Liturgy Corner

Carmel Parish Bulletin articles from the Liturgy Committee


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11/11/12 – Fifty Years Since Vatican II: Promotion of the Liturgy

During this Year of Grace, we have been invited to revisit the constitutions of the Second Vatican Council, which began fifty years ago this year.  The first of these constitutions was on the liturgy, Sacrosanctum Concilium.

The constitution reflected a strong desire in the Church for the reform of the liturgy.  The constitution, therefore, spoke of the promotion of the liturgy, and people’s participation in it.

The constitution recommended, therefore, that every territorial authority (eg Conference of Bishops) set up a liturgical commission.  In Australia, the National Liturgical Council (NLC) supports and advises the Australian Catholic Bishops Conference on liturgical matters.  The liturgical commission should also be supported by experts in specific areas.  Again in Australia, the bishops approved the establishment of both a music board, and an art and architecture board.

Such consultative groups are also recommended for each diocese to support and support the bishop in the promotion of the liturgy.  In the Diocese of Parramatta, the Diocesan Liturgical Commission and the Office for Worship have been established to promote and support the celebration of the liturgy.

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21/10/12 – Fifty Years Since Vatican II – Language

During this Year of Grace, we have been invited to revisit the constitutions of the Second Vatican Council, which began fifty years ago this year.  The first of these constitutions was on the liturgy, Sacrosanctum Concilium.

CredoOne of the most significant liturgical reforms of the past fifty years has been the translation of the liturgical texts into vernacular languages.  When addressing the matter of language, Sacrosanctum Concilium began by stating that Latin was to be preserved.  It did go on, however to say that use of vernacular languages could be extended, as it could be of advantage to the people.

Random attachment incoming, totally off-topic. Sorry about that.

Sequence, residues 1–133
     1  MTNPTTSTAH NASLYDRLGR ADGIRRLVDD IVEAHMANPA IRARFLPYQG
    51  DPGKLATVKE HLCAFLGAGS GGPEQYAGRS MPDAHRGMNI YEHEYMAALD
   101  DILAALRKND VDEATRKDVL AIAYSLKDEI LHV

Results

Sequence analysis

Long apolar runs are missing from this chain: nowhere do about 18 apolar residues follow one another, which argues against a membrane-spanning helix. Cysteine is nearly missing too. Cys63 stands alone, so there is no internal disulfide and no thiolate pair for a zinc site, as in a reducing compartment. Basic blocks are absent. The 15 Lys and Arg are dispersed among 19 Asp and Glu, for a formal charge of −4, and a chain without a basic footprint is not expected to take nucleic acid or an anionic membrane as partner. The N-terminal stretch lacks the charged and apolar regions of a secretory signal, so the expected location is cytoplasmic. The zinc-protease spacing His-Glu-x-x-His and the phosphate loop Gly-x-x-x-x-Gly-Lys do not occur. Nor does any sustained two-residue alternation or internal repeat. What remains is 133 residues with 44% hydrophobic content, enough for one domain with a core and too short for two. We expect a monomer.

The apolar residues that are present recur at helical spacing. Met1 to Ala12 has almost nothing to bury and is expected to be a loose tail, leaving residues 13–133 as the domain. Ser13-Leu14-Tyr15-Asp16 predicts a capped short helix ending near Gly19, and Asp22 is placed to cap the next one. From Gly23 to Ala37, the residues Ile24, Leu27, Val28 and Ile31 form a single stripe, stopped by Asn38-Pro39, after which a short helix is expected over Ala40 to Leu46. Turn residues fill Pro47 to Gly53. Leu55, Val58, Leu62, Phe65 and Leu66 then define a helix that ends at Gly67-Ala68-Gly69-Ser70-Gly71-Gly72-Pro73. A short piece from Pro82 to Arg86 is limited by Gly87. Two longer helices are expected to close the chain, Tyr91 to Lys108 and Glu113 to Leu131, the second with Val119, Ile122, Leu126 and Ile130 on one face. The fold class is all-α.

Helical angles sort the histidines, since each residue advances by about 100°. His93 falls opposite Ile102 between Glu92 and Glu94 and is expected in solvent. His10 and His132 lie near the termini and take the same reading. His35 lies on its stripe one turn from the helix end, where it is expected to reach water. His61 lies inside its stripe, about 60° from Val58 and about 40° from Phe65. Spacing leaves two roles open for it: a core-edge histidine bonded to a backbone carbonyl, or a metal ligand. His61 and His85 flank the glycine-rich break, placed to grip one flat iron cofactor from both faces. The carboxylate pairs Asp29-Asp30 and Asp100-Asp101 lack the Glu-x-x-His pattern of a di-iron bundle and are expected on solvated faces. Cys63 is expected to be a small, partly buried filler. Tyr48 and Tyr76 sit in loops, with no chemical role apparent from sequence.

It then stated that territorial authorities (such as the Australian Catholic Bishops Conference in our case) were to determine whether other languages were to be used and to what extent, which would then be confirmed by the Vatican.  Bishops’ conferences would also be responsible for approving the translations that were to be used.

The matter of language highlights the fact that the Constitution laid a foundation for the liturgical reforms that were to come, but that later work and documents would become necessary to “nut out the details”.  Already in the past half a century, the Vatican has released two differing instructions on liturgical translations.  In some cases, additional requirements have been added to what Sacrosanctum Concilium proposed.  For example, English translations for the liturgy have to be approved not only by the local bishops’ conference, but reviewed by Vatican committee prior to approval by the Congregation for Divine Worship and the Discipline of the Sacraments.


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14/10/12 – Fifty Years Since Vatican II – Noble Simplicity and Scripture

On Thursday, the Church marked the fiftieth anniversary of the opening of the Second Vatican Council.  During this Year of Grace, we have been invited to revisit the constitutions of Vatican II.  The first of these constitutions was on the liturgy, Sacrosanctum Concilium.

After addressing general principles that were to underpin the constitution’s understanding of the liturgy, it began to articulate some general norms that were to be observed when implementing the liturgical reforms the constitution would subsequently propose.

The first was that the liturgical rites were to be marked by a “noble simplicity”, that they be clear and generally comprehensible.  It should not, for example, be necessary for there to regularly be lengthy explanations needed during a liturgical celebration for people to understand that is taking place.